Credit cards, on the other hand, always start out at zero. You can build up how much you owe as you spend using your card, and you have more control over paying off your debt and limiting your spending. So if you have a credit card account, it’s important to remember to keep your utilization ratio low in order to improve your overall credit score.

What Is a Good Credit Card Utilization Ratio?

The top major credit bureausExperian, Equifax, and TransUnion — recommend that your utilization ratio stay at or below 30% of your overall credit limit. The lower your utilization number, the less relient you are on credit, which shows creditors, lenders, and the bureaus that you are responsible with your credit spending.

Having a utilization ratio slightly above 30% isn’t bad either, as long as you can show that you’re paying down your debts on time and are also being a responsible lender by not opening up too many new accounts at once, or engaging in other potentially dangerous lending activities.

How To Improve Your Credit Card Utilization Rate

If you do find your utilization ratio is far above 30%, one easy way to improve it is to ask for a credit limit increase from your credit card provider. Keep in mind, if you’ve recently asked for a new line of credit or loan, it may be detrimental to ask for a credit increase as it will show that you’ve had multiple recent hard inquiries on your credit score. However, if you haven’t opened up a new line of credit or had a hard inquiry in the past year, you may be able to improve your utilization ratio if your credit provider increases your overall limit.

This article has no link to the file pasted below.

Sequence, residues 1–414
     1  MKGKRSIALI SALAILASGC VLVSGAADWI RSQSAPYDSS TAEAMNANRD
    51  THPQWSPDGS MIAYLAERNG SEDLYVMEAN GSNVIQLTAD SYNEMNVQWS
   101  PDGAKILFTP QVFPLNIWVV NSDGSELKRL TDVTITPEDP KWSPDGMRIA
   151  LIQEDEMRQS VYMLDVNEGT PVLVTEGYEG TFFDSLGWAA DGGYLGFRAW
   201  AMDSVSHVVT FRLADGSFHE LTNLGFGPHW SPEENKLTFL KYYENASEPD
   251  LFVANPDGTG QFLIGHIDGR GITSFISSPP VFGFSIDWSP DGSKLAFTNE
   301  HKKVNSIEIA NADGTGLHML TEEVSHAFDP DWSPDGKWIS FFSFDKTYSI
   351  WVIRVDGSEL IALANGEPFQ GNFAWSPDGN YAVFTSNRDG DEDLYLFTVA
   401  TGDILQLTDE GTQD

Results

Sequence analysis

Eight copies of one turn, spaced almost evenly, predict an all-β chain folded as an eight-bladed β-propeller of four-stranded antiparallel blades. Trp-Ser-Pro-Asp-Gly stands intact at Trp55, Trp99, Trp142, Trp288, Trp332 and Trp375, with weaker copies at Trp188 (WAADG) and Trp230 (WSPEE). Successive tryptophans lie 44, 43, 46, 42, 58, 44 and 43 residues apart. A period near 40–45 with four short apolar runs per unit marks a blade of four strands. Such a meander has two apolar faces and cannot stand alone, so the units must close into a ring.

On the reverse, if you decide to close a credit account, be aware of what effect this may have on your overall credit utilization ratio. If you have $4,000 in debt with a limit of $12,000, and you drop down to an $8,000 limit, your credit utilization will go from 30% to 50% — which will have a negative effect on your overall score.

Here are a couple other options that may help you improve your credit card utilization ratio:

  • Your credit utilization will fluctuate as your lender/credit provider updates your account with the credit bureaus. Because of this, if you pay down a certain amount of your bill before they report to the bureaus, your utilization ratio may appear lower than if it was reported during the peak; before you paid down your account. So, if you are able to find out when your creditor is reporting your information, you may be able to make your utilization ratio appear smaller to the bureaus by paying prior to the reporting date.
  • You can also spread your spending across multiple accounts, lowering the credit utilization of all your accounts just slightly. Keep in mind, this will not influence your overall credit utilization — unless you open a new account or get a credit limit increase.
  • Another option is to pay off your balance in full — or as much as you can afford — in order to keep it low every month. It can be difficult to pay down large amounts all at once, but if you have a reasonable balance on your account, this can help keep your utilization low every month.

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Katie McBeth is a researcher and writer out of Boise, ID, with experience in marketing for small businesses and management. Her favorite subject of study is millennials, and she has been featured on Fortune Magazine and the Quiet Revolution. She researches SEO strategies during the day, and freelances at night. You can follow her writing adventures on Instagram or Twitter: @ktmcbeth

This post was updated February 28, 2019. It was originally published January 9, 2019.